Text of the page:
Bovine field trip
As I knew was wont to happen, Maisy and Daisy began their escapades in the last week. In case you missed it, we had twin calves born late in January that have been residing in the bottom of our barn ever since. In order to give them the best possible chance to grow, we have been supplementing their mother’s milk with milk replacer twice a day. The little piggies each are taking a gallon from us a day.
One morning last weekend, our neurotic dog, Todd, began barking madly before sunup. Being that he has a tendency to bark at barn cats, the neighbor’s dogs, passing cars and even dust as it gets caught in the sunlight, we ignored him for a little while. But, finally, at his insistence, I got up and looked out the window.
Coming out of the top door of the barn was a cow with a white face. Knowing that the only white-faced cow living in the barn is Maisy and Daisy’s mother, I immediately started dressing for the barn. My husband did likewise.
I couldn’t help but chuckle when I took one more glance out the window and saw one of the twins running in circles and bucking her heels in the air. She must have been having such a good time on her field trip to the second floor.
But my laughter was short-lived as I noticed only one calf was with the mother. I hurried into my boots and headed out the door, still pulling on my jacket. I took an empty calf bottle with me, hoping to lure whichever twin I saw first back into their pen. Maisy saw me coming with the bottle and walked right over to me. I walked slowly backward, keeping the bottle just out of Maisy’s reach, feeling much like the carrot that keeps the mule pulling the cart.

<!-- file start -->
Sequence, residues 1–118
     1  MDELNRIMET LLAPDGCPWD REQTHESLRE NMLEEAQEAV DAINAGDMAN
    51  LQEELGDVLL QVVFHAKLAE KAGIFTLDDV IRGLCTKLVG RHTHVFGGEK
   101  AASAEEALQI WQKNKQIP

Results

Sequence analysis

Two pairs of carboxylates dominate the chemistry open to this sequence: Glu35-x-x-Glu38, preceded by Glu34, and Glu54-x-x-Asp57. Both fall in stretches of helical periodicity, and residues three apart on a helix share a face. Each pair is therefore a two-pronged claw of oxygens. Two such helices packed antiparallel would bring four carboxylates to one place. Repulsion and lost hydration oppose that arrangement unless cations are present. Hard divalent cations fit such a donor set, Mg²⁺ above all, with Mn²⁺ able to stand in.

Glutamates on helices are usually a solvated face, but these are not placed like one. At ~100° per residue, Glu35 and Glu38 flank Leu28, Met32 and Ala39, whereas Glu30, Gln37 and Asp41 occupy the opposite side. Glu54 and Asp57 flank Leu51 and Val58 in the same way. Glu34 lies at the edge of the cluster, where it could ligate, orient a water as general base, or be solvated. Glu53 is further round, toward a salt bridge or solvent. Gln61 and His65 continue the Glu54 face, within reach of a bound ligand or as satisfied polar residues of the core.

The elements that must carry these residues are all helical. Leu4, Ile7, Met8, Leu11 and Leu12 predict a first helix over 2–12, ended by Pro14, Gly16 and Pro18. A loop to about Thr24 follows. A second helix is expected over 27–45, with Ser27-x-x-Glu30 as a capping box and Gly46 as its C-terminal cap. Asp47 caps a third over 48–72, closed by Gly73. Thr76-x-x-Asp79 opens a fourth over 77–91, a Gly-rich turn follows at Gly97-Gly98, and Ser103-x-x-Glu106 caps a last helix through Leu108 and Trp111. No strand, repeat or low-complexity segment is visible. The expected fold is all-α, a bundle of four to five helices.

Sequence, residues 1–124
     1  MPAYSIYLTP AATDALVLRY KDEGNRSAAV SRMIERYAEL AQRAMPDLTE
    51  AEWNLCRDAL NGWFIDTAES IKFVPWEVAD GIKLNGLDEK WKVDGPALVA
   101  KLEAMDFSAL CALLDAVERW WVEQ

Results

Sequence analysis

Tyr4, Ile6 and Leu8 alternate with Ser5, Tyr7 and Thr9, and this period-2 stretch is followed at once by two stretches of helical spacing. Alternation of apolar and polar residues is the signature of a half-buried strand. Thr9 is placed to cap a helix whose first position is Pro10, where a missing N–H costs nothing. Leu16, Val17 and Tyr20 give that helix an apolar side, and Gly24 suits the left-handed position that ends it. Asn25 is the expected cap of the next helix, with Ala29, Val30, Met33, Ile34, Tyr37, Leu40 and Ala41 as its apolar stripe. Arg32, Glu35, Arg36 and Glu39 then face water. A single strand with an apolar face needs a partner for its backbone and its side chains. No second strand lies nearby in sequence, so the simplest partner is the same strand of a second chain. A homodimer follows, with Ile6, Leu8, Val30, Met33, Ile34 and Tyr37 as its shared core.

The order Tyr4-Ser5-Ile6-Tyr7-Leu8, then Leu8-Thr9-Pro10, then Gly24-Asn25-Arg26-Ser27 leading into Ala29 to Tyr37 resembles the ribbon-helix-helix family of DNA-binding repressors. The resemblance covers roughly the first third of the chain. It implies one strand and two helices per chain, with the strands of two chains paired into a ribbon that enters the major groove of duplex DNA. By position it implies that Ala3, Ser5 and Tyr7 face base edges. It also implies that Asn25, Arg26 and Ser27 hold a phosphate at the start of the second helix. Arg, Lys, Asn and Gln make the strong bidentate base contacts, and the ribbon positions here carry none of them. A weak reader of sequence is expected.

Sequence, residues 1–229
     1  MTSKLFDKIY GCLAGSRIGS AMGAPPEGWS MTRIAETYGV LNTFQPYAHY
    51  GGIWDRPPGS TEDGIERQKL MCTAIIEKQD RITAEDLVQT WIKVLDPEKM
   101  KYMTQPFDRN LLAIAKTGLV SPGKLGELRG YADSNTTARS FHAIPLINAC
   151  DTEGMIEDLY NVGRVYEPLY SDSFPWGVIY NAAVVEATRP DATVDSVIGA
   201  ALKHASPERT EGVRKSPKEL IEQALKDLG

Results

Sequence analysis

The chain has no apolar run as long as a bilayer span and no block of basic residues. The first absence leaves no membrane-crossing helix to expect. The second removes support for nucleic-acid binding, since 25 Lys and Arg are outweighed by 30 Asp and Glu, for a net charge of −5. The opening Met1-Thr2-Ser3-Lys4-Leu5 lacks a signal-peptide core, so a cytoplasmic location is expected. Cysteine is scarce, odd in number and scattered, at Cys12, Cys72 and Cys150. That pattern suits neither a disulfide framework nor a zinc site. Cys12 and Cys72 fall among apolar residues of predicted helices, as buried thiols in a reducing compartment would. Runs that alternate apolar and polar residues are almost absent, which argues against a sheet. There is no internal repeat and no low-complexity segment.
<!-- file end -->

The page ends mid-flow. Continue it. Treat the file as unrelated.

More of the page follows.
She followed me all the way back to the bottom barn door and into the pen. I could hear my husband asking about the other calf, so I began to search for Daisy. The momma cow must have noticed me leading her baby away, because all of a sudden, 1,500 pounds of bellowing fury appeared at the door to the pen. I opened it in a hurry and got out of the way. She strolled right in and began licking Maisy.
Just then, up popped Daisy from under some loose hay just outside of the pen. She was right under us the whole time. We had nearly stepped on her in our zeal to search for her. I opened the door again and let her in.
The three of them seemed content to be back together and back at home. Momma cow finished bathing the girls and started chomping some hay, although I’m not sure where she put it, since my husband said she had eaten about 75 pounds of grain while in the top of the barn. The girls got down to the business of eating, and I went to make some real bottles for them. My husband secured the pen door and started the rest of the chores.
And so began another day in the life of a farmer and his wife.
Laura Zoeller can be reached at firstname.lastname@example.org.
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